[Note: this was supposed to have been posted a month or so ago, the week of Thanksgiving, but I seem to have clicked “save” rather than “publish”. The, news, however, remains as earth-shattering as ever.]

SF in the OED, Sept. ’09

September 22nd, 2009

I’ve been falling behind with my updates of SF words in the OED, I fear.  This quarter’s update (for those of you not keeping score at home, the OED is in the process of a complete revision, and publishes quarterly updates of new and revised entries which pretty much always makes for fascinating reading) doesn’t have much of SFnal interest — just two words by my count: clone and skinsuit.

clone, n. 2. a. Chiefly Science Fiction. Any member of a hypothetical population of artificially produced, identical people, aliens, etc. Also: a duplicate of a living person.

First citation is from Alan Toffler’s Future Shock (1977). Interestingly, none of the citations are from actual SF, although three of the citations are reviews or discussions of SF works.

skinsuit n. any of various types of (usually one-piece) suit made of elasticated material which fits tightly to the body, esp. one designed for a particular sport.

Note that this definition rolls up the SF sense of skinsuit (a tight-fitting spacesuit, often intended for short-term or emergency use) with the sporting sense (as in that garment that short-track speed skaters wear). Their first citation is from 1956in a diving context, which handily beatsBrave New Word”s 1971 citation from Keith Laumer’s Dinosaur Beach.

More OUP bloggery

June 2nd, 2009

This time I’m blogging about fanspeak terms that got picked up in non-fannish contexts: http://blog.oup.com/2009/06/fanspeak/. (This overlaps to some degree with an earlier post here, but I think the info is interesting enough to merit a revisiting of the idea, particularly in light of the massive success of my last OUPblog post.)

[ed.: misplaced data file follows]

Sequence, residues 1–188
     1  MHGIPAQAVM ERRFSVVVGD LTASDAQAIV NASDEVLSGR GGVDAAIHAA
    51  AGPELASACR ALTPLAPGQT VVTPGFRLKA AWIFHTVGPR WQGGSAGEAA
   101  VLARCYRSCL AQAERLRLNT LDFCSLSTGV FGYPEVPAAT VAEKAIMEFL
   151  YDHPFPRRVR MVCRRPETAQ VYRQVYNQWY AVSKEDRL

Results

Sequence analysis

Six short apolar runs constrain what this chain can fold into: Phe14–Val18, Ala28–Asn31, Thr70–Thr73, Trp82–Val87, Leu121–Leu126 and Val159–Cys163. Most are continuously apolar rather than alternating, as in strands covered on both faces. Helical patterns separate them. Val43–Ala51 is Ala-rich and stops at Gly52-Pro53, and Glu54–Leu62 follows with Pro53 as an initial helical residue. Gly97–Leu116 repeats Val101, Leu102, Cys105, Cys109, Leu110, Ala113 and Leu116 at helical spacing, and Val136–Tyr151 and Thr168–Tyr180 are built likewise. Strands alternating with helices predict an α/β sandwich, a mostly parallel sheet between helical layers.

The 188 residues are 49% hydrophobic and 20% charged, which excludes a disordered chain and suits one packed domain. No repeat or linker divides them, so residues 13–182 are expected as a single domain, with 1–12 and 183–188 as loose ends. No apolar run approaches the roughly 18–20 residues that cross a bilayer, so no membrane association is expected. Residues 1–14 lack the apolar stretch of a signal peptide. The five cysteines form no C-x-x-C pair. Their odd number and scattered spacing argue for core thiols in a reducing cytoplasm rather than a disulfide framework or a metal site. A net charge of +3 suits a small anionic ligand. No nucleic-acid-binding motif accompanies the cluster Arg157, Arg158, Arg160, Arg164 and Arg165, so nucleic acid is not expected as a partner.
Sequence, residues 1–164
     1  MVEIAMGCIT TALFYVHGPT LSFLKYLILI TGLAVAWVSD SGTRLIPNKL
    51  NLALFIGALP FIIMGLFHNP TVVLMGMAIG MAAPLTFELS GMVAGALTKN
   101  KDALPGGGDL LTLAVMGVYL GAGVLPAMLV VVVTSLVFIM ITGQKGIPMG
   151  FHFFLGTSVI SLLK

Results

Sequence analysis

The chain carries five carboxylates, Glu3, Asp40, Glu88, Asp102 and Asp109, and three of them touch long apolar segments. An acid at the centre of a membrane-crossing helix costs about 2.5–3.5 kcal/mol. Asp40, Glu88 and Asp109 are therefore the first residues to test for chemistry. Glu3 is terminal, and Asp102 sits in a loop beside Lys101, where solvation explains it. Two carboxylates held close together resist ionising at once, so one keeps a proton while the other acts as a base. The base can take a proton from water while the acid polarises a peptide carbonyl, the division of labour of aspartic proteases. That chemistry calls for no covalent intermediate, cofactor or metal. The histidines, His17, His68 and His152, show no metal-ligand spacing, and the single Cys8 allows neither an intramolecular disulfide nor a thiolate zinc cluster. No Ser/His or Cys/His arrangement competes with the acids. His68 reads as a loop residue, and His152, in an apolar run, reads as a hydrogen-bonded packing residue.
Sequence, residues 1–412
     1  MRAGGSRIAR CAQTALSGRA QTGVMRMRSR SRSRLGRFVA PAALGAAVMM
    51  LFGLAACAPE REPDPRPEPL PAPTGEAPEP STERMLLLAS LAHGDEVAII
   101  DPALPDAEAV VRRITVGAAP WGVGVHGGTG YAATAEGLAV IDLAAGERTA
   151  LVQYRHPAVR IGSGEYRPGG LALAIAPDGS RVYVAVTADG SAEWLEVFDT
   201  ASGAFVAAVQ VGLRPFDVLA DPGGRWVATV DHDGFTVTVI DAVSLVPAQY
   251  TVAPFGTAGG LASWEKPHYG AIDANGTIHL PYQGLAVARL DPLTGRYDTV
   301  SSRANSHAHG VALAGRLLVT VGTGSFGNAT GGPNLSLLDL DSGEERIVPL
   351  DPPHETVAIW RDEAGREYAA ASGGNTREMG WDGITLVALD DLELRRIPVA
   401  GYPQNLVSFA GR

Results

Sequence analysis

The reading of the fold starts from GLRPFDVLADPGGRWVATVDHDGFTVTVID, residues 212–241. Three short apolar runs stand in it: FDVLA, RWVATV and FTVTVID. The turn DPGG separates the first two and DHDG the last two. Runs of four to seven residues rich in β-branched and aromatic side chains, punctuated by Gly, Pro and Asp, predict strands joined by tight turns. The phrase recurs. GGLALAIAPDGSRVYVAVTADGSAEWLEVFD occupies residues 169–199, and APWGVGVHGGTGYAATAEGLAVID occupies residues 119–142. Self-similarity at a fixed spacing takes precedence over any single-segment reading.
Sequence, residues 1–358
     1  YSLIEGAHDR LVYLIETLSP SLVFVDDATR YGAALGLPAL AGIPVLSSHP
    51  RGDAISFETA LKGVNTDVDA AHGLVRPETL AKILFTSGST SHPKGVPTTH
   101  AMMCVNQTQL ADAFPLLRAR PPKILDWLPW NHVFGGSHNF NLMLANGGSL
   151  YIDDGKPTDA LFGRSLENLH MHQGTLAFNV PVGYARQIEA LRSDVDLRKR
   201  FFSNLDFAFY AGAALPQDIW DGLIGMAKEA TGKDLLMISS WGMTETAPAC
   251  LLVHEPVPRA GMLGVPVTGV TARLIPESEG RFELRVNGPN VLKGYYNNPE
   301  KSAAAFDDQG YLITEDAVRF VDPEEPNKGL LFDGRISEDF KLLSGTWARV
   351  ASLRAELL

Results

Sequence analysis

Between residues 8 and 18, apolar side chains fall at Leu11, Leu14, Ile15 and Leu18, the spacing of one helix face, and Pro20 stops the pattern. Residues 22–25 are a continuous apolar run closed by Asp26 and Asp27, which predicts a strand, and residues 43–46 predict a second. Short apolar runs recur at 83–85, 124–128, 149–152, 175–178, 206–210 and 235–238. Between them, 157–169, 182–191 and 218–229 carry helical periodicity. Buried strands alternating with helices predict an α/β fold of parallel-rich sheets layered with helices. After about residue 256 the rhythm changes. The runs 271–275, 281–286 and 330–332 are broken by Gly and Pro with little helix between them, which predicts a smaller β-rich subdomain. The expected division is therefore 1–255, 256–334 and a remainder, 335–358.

More reviewage

May 8th, 2009

In this instance, a very nice review from Annalee Newitz of io9.

Buncha links

May 7th, 2009

OUPblog has a new post about Star Trek terms that includes some info from BNW.  Other Trek-related words she doesn’t mention are starfleet, “beam me up”, and, of course, Mary Sue.

The Telegraph has a nice article, based in part on my “Nine Words…” OUPblog post and its subsequent comments (including a nice discussion of the Thagomizer, a great word that makes me sad that The Far Side is probably insufficiently science-fictional to be able to include it in BNW). (Malcolm Farmer posted this in the comments of an earlier post; I’ve moved it up here for them of you what don’t read the comments.)

In news completely unconnected to me, OUPblog also has a nifty piece from Michael Quinion on various problems in communication with aliens.

New review and interview

May 5th, 2009

There’s a (very nice) new review of BNW, and an interview with moi, at SFRevu.com.

Paperback is available

April 1st, 2009

As Fred mentioned in the comments a couple posts down, the paperback of BNW is in stores now.